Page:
Parties built on personalities ‘face challenges’

Political parties built around personalities – in the absence of clear policies and principles – are taking a hammering, becoming politically irrelevant and unsustainable, with their support base and electoral numbers shrinking, according to analysts.

This, against the background of simmering tensions within the Congress of the People (Cope) likely to pit the Cope leadership – deputy president Willie Madisha, national spokesperson Dennis Bloem and secretary for elections Mzwandile Nhleko – against ailing party president Mosiuoa Lekota, in the congress national committee (CNC) over the weekend.

The CNC, the highest decision-making body in-between Cope national congresses, will be asked by the party top brass to ratify a decision taken this week to disband the entire Gauteng congress provincial committee (CPC) led by Thom Mofokeng, David Malatji and Lefu Hanong.

The incoming CPC is led by Debora Mothupi (convenor), Mxolisi Ntobela (coordinator), Terrence Monali (treasurer) and 15 executive members, who include ousted Cope-deployed Ekurhuleni councillor Ndzipo Khalipa.

With the change likely to lead to the recall of Mofokeng from serving as Cope councillor in Ekurhuleni – shortly after replacing Khalipa – insiders expect Lekota to disagree with the decision in the upcoming CNC).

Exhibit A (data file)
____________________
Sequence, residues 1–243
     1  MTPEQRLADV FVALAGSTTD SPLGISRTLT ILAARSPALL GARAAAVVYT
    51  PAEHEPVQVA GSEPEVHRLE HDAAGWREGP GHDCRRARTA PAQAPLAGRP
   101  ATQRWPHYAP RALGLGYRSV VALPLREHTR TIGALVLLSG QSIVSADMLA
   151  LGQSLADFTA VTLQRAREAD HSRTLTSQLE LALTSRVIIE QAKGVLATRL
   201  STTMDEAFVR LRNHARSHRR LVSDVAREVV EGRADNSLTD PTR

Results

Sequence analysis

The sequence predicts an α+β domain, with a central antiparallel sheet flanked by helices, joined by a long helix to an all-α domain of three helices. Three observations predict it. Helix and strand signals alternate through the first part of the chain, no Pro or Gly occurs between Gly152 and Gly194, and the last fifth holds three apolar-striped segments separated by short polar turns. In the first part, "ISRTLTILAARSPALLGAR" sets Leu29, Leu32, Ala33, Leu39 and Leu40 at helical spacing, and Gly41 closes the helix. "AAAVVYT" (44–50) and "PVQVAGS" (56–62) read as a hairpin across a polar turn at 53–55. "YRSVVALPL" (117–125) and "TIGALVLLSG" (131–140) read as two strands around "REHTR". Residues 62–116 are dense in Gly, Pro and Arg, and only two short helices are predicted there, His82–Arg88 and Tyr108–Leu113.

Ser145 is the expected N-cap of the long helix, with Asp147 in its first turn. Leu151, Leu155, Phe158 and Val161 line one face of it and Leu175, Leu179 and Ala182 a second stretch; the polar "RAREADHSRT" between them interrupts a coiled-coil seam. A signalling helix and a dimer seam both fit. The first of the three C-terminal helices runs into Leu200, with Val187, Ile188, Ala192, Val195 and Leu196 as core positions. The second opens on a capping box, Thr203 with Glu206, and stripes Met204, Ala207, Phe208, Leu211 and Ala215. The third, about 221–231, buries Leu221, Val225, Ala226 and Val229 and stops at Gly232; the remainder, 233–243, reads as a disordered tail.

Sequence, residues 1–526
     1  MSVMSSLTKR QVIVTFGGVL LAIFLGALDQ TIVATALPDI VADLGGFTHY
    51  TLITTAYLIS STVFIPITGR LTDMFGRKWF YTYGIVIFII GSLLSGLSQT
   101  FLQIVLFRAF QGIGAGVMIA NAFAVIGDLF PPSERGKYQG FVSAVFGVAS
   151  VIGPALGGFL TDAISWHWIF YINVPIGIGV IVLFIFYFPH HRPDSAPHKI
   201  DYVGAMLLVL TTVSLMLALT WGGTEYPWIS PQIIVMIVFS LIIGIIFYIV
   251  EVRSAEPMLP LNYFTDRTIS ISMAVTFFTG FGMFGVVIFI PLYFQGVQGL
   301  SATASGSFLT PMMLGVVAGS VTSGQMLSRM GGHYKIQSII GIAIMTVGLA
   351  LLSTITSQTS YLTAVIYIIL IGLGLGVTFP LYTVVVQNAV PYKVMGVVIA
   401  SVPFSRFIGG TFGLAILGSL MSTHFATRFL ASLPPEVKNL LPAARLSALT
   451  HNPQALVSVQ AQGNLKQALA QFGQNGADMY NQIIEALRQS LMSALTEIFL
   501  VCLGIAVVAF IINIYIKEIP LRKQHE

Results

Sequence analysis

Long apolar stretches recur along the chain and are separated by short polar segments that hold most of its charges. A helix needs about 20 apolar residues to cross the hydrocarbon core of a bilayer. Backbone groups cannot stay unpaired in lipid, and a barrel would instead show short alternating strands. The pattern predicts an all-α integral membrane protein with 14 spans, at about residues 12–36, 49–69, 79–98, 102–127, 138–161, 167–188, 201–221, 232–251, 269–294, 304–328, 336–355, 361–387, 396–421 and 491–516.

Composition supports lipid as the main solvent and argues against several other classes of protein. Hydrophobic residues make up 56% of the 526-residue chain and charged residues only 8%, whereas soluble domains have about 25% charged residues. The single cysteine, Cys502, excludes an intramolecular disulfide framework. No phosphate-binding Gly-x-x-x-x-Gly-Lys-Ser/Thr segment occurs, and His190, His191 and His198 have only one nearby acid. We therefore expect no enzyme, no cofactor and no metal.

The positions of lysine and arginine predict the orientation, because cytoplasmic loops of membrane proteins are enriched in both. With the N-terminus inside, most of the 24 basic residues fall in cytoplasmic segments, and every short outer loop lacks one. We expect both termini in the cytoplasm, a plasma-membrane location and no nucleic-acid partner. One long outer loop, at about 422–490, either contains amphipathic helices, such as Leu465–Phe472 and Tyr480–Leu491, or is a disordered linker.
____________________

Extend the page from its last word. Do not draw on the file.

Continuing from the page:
Unlike the politically relevant Inkatha Freedom Party (IFP), Cope, a splinter group from the ANC, has been plagued by myriad of challenges.

Political analysts were yesterday unanimous in outlining key difficulties faced by emerging political parties, with the personality cult topping the list.

Sanusha Naidu of the Institute for Global Dialogue said: “The challenge with smaller political parties is the personality question, resources, sustainability, viability and growing the electoral base. “The relevance depends on managing to maintain momentum, build, expand and deepen party electoral base, with internal political dynamics, internal credibility and legitimacy questions, being key factors.”

Unlike Cope, Naidu said the IFP has “a strong base at provincial level, appeal and support which extends to the broader national level – enough relevance to keep it afloat”.

She added: “The only party that came to the scene and that has managed to maintain itself in the way that we have seen, is the EFF (Economic Freedom Fighters).”

University of Pretoria politics lecturer Roland Henwood agreed: “Small parties are often built around an individual that left another bigger party. “It makes it difficult for such parties to last because they exist around a personality.”

University of South Africa political science Prof Dirk Kotze said the IFP has “a stable leadership under the stewardship of Prince Mangosuthu Buthelezi”.

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